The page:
The Universal Notebook: The Supreme Court is against my religion
In yet another narrow 5-4 decision, the activist judges on the U.S. Supreme Court have handed a major victory to Corporate America and done the people of the United States yet another grave injustice.
I’m amazed these corporate stooges even dare to show their faces in public after their assault on representative democracy in the Citizens United case, which allows corporations to buy U.S. elections, and now the dreadful Hobby Lobby decision, which allows corporate bosses to discriminate against workers just as long as they do it on religious grounds.
No wonder public approval ratings of the Supreme Court are at an all-time low of only about 25 percent. The majority of American citizens (61 percent) understand that the justices are not objective interpreters of the laws, but political appointees with personal partisan agendas.
The Roberts Court is determined to grant corporations all the rights of individuals. Constitutional originalists be damned, the U.S. Constitution does not mention corporations at all. Despite what Mitt Romney and Samuel Alito think, corporations are not “persons” and they should not have rights. Romney lost the presidential election because he held that absurd view. Members of the Supreme Court who think like that should be thrown off the bench.
In Hobby Lobby, the conservative block of the court ruled that a closely held company owned by Christian fundamentalists can refuse to allow employee health insurance plans to pay for forms of birth control they object to on religious grounds.
This is like the Catholic Church arguing that it shouldn’t have to pay for birth control for employees of the colleges and hospitals it owns.
But the money that pays for health insurance belongs to the workers who earned it, not to the companies that pay them. You’d think conservatives who are constantly carping about keeping the fruits of their labor would find it just as infuriating as progressives do that employers now get to decide how employees can spend their money.
In her rousing Hobby Lobby dissent, Justice Ruth Bader Ginsburg got everything right that Justice Samuel Alito got wrong in the majority decision. Ginsburg’s main indictment is that Justices Alito, Roberts, Scalia, Kennedy and Thomas have essentially placed corporations above the law.
“In a decision of startling breadth,” Ginsburg wrote, “the Court holds that commercial enterprises, including corporations, along with partnerships and sole proprietorships, can opt out of any law (saving only tax laws) they judge incompatible with their sincerely held religious beliefs.”
The Hobby Lobby decision may have focused on a Christian company objecting to covering birth control, but Justice Ginsburg could see the handwriting on the wall.
"Would the exemption,” she asked, “... extend to employers with religiously grounded objections to blood transfusions (Jehovah's Witnesses); antidepressants (Scientologists); medications derived from pigs, including anesthesia, intravenous fluids, and pills coated with gelatin (certain Muslims, Jews, and Hindus); and vaccinations(?)”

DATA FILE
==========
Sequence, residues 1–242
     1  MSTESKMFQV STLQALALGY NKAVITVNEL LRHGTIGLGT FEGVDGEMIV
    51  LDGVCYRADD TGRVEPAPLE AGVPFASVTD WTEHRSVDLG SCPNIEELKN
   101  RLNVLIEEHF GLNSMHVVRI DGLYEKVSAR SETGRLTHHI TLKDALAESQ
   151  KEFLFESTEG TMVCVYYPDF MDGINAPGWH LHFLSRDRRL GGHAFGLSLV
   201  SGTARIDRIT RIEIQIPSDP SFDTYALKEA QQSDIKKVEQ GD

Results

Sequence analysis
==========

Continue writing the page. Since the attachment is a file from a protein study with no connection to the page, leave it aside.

And what’s to say health care will be the only thing to which the new religious exemption is applied. Minimum wage? Against my religion. Labor unions? Against my religion. OSHA regulations? Against my religion.
It’s time for a change on the Supreme Court. Ginsburg is 81. We have to hope that she will be circumspect enough to step down from the court in time for President Obama to appoint a similarly wise and progressive woman to replace her.
Chief Justice John Roberts is only 59, Samuel Alito, 64, Clarence Thomas, 66. They could be around for long time. There is no end to the damage these corporate cronies can do to the American way of life.
Elena Kagan is 54, Sonia Sotomayor, 60, Stephen Breyer, 75. We have to hope they can hold off their conservative colleagues until re-enforcements arrive. Anthony Kennedy at 77 and Anton Scalia at 78 are old men. It’s time for them to go.
The Supreme Court is the most undemocratic branch of our government. Although the Constitution simply states that justices “shall hold their offices during good behavior,” justices in fact serve for life and are answerable to no one. That makes them more powerful than the president of the United States. In light of Citizens United and Hobby Lobby, a case could be made that it is time to examine what is meant by “good behavior.”
What we really need, however, is a mandatory retirement age for Supreme Court justices. Most of the states that have a mandatory retirement age for judges set it at 70. That sounds about right to me. Vermont is the outlier with a retirement age of 90. Maine has no age limit.
If we don’t establish a mandatory retirement age or invoke a behavioral clause, then we should think about imposing term limits. Right now our only check on these high-handed judicial activists is making sure that the man or woman who nominates them is someone who has the best interests of the American people at heart, not the vested interests of extra-constitutional corporate entities.